WWF, of the World Wildlife Fund, is the world’s leading organization in wildlife conservation. Back in May, a campaign was launched in Europe to raise the awareness in Europeans about the sources of their seafood. Fifty percent of their seafood come from developing countries, which includes the Philippines.
A statement on their campaign page delves on the issue:
Europe is the world’s biggest market and importer of seafood. More than 50 percent of EU fish imports come from developing countries. In order to meet our demand for fish, we heavily rely on fish caught or farmed in the global south.
At the same time, people and nature in developing countries rely on our sustainable buying decision. Only healthy seas provide food and income for 800 million people who depend on fish. Most of them live in developing countries. So do 98 percent of global fisheries workers.
Support people and nature – choose sustainable fish!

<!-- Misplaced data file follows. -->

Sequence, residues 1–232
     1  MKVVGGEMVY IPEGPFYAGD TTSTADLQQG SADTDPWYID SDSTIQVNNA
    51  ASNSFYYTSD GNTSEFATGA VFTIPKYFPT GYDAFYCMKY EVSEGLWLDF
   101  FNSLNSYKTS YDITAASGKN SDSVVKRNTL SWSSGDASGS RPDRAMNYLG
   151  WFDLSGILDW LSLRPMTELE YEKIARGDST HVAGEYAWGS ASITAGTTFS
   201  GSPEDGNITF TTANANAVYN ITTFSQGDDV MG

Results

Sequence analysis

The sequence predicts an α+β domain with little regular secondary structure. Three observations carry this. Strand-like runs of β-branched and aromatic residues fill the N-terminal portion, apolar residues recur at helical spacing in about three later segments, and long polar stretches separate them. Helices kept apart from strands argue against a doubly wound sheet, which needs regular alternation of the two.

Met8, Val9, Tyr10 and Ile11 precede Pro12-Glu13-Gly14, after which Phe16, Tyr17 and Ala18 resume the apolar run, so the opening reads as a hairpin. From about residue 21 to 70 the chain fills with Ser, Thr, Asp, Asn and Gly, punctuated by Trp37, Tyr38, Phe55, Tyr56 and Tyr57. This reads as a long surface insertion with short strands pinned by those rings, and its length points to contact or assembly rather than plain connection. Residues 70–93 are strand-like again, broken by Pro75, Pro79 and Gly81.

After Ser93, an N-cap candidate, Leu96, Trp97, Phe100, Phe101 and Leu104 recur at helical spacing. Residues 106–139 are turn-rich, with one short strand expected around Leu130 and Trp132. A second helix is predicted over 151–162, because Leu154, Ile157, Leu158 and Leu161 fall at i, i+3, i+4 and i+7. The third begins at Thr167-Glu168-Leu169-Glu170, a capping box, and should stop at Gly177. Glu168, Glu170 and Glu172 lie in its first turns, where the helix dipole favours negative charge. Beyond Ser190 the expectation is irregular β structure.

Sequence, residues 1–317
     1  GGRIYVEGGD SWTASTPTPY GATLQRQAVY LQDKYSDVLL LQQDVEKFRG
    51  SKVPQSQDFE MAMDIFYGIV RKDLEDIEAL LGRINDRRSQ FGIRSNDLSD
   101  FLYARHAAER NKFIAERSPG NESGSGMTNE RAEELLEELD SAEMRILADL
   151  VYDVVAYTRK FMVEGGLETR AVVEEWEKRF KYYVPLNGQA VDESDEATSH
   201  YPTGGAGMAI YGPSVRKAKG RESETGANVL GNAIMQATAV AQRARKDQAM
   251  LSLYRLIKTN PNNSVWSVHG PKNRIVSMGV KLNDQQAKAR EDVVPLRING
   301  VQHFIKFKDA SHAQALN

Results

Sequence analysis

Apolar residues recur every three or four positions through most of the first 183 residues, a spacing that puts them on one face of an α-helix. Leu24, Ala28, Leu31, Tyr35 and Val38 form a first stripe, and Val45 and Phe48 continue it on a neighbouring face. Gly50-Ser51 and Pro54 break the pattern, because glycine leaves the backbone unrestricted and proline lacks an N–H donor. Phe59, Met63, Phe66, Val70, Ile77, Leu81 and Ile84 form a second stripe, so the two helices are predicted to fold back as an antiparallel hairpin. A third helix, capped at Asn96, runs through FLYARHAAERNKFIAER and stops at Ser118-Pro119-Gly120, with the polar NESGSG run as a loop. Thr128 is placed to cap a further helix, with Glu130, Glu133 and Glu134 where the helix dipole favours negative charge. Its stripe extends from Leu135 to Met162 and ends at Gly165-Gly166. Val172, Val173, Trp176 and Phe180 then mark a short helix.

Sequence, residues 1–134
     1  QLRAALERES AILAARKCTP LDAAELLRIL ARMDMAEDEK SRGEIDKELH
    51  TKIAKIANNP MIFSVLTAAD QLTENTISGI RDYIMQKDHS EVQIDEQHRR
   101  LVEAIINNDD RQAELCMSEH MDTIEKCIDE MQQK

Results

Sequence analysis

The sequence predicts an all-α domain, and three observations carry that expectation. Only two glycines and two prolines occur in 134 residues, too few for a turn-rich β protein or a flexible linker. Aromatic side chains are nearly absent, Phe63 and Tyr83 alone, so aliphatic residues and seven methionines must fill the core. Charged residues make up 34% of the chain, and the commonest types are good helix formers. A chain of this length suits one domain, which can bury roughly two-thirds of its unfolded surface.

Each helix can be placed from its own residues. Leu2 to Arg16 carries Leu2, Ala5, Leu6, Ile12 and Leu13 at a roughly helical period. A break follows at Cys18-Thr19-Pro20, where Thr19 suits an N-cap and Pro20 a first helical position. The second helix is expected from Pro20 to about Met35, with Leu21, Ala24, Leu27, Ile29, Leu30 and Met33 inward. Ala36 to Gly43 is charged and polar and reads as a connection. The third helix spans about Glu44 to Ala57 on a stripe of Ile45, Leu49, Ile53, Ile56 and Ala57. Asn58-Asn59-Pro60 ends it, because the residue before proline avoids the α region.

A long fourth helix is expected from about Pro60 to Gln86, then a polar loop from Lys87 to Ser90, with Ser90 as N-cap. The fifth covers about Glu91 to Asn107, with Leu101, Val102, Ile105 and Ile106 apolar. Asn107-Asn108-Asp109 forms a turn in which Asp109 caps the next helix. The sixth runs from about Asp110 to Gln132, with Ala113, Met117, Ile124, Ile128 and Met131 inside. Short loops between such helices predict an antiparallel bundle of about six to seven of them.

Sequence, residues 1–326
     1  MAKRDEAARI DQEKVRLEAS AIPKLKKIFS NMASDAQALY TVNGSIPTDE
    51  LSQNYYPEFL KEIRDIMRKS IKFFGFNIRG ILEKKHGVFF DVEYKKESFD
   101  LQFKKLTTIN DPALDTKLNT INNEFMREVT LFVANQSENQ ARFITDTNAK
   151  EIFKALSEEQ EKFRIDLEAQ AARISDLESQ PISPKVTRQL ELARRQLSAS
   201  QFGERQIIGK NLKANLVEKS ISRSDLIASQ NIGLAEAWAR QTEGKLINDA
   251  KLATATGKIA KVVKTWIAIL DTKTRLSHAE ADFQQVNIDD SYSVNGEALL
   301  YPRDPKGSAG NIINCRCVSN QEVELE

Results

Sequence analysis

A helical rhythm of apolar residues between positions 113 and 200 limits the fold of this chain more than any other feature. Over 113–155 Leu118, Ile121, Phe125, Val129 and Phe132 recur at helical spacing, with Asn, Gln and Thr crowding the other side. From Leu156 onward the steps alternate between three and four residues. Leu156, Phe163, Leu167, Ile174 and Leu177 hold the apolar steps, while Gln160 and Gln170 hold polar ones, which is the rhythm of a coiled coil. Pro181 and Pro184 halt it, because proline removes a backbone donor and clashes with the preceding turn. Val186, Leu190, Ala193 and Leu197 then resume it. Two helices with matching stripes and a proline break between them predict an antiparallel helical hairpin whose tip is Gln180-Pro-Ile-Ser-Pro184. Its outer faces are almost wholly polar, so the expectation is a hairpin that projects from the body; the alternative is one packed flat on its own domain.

This month, WWF Philippines shared a short film created as part of the campaign, titled Nonoy and the Sea Monster. The story is set in the Philippines, and follows the life of a young boy whose family’s livelihood depends on sustainable fishing. But commercialism is taking over their oceans, and ultimately, their lives. Watch the moving short here:
This short film calls upon the action of those watches it, simply by being aware of where the fish we consume come from. Here’s a global list of seafood guide shared by WWF on their page: wwf.panda.org/how_you_can_help/live_green/out_shopping/seafood_guides/
And to read more about this initiative, head on over to WWF’s campaign page at: www.fishforward.eu/nonoy
What do you think of this video? Share your thoughts in the comments.